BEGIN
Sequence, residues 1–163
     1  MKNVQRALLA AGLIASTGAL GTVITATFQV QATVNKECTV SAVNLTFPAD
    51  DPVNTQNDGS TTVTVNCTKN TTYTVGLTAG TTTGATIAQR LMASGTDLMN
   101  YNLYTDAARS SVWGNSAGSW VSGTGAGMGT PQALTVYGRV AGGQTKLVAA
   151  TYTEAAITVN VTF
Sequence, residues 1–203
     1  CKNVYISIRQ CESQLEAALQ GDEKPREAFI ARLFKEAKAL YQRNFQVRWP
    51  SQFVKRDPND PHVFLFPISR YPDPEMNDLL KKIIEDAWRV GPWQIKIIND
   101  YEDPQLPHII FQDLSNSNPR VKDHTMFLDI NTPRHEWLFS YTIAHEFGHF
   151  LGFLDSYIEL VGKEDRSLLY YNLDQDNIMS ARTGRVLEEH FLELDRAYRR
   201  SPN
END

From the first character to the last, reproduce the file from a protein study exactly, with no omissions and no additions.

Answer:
Sequence, residues 1–163
     1  MKNVQRALLA AGLIASTGAL GTVITATFQV QATVNKECTV SAVNLTFPAD
    51  DPVNTQNDGS TTVTVNCTKN TTYTVGLTAG TTTGATIAQR LMASGTDLMN
   101  YNLYTDAARS SVWGNSAGSW VSGTGAGMGT PQALTVYGRV AGGQTKLVAA
   151  TYTEAAITVN VTF
Sequence, residues 1–203
     1  CKNVYISIRQ CESQLEAALQ GDEKPREAFI ARLFKEAKAL YQRNFQVRWP
    51  SQFVKRDPND PHVFLFPISR YPDPEMNDLL KKIIEDAWRV GPWQIKIIND
   101  YEDPQLPHII FQDLSNSNPR VKDHTMFLDI NTPRHEWLFS YTIAHEFGHF
   151  LGFLDSYIEL VGKEDRSLLY YNLDQDNIMS ARTGRVLEEH FLELDRAYRR
   201  SPN